Another great race over, I headed for home, exhausted and aching. Although disappointed with my result, the spirit of the day and the laughs shared with fellow cyclists kept me smiling for the entire drive and beyond. For me, the Southern Enduro has so far been a perfect series to find my feet, figure out where I fit in rank and category wise, and is helping me develop massively as a rider. If you’re interested in racing, you can’t go wrong with the Southern Enduro series. QECP is set to be a banger!

The world of cycling is an incredibly friendly one, with everybody supporting each other both on and off the bikes, no matter where you are in the ranks, what you ride, or how old you are. English football ‘fans’ could learn a lot from watching an Enduro series race, that’s for sure.

Cheers,

Ian @ Stealth Riders

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No dig, no ride

As you may know by now, I’m racing in the Southern Enduro this year, with the first round at a closely guarded location in Milland, West Sussex on April 17th. A few weeks ago the event organiser, Scott Fitzgerald, put a message on various social media sites asking for volunteers for a dig day. I signed up without hesitation. Firstly, as we all know; no dig, no ride. I wanted to get involved more in the background, helping to shape the trails I’ll be racing on. Secondly, I figured it’d be good to get the lay of the land to truly understand what I’d let myself in for.

What I didn’t know when I signed up to dig, was that Scott had planned to invite volunteers back for a pre-race test to check the finished product out and to help bed the trails in.

Sunday, 3rd April rolls around and I’m in the car heading down the A3 blasting some questionable music (those that know me, know my music taste is eclectic… and that’s putting it kindly!). I arrived in Milland to meet Laurence, Sam and a few of the other volunteers that I met on the dig day and we waited for the rest to arrive; more volunteers, event organisers and some headline sponsors, including the guys from Bird Cycleworks; Dan, Dave, Josh and Tomas.

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Once everybody had arrived, we set off on a small ride to the venue and immediately headed up the transition to stage 1. It had rained the night before, so the transition was super muddy, slippery and all round hideous, which I thought would be the shape of things to come. How wrong I was. I won’t give too much away, but anybody entered into this is in for a real treat!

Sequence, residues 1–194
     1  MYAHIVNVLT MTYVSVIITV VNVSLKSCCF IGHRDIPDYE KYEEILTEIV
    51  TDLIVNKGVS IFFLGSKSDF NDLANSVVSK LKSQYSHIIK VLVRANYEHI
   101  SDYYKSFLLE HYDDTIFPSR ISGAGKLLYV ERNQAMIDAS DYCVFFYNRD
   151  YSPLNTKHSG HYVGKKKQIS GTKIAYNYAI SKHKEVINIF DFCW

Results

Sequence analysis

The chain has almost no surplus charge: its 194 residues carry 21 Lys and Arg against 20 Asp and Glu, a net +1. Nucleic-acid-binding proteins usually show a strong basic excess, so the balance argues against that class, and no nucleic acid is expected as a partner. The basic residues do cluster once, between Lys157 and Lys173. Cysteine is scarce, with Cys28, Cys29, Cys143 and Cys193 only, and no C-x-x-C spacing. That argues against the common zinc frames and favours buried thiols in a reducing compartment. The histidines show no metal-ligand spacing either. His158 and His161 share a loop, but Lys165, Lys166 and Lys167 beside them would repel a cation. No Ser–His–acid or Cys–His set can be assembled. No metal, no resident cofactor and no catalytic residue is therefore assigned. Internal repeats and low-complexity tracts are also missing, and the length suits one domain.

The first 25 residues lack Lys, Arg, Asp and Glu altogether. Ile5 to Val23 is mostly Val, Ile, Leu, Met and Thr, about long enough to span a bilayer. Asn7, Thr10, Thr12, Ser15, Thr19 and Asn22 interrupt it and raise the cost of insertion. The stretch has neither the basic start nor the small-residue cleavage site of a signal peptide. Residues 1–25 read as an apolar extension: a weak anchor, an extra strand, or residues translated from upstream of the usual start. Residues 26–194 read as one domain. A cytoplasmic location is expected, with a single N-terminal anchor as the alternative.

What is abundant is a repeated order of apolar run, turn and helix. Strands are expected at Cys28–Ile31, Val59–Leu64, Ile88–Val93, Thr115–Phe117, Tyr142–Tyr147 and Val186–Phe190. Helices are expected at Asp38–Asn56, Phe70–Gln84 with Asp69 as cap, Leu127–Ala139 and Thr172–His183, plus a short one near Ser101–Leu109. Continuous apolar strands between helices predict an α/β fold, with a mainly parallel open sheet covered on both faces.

We got to stage 1 and buzzed down through a mix of tight, loose, loamy singletrack and some nicely packed rollers to end the stage. Stage 1 was easily the flattest of the 4 stages, with a lot of pedalling required. Hopefully the miles I’ve been putting in over the past few months will pay dividends on this one!

Heading back up the transition to stage 2, I was feeling stoked – my first enduro stage completed (albeit slowly) and I was still in one piece! This isn’t going to be too hard… yeah right. Stage 2 began immediately with a drop into a tight berm, with super loose, off camber switchbacks making up most of the stage. It was like riding on a slip & slide, drifting, holding on for dear life. This was my kind of stage though.. loose, technical and flowy. Great stuff. It’s worth adding at this stage that the first practise runs were at a gentle pace to scope the trails and pick my lines for the second runs.

Another sloppy ride up the transition to stage 3. This is the stage I helped shape on the dig day, but I only saw the bottom of it. Once again, the loam was fresh and the berms were loose. I was sauntering down the stage approaching a road gap and was so busy focusing on that, I totally missed the drop before it and went sketchy into a berm, wiping out in an instant. No biggie. Dust yourself off, get back on and ride. Stage 3 ended with some insanely tight singletrack through a coppice and a nice little jump into the finish, which was great fun. Here’s how not to ride a bike:

Back up for the final climb to stage 4. The final stage was short, fast and flowy, with some amazing rollers, doubles and high, tight off camber turns the left me giggling like a child, leading to a sprint finish through a field to the end. Cracking stuff, time to do it all again!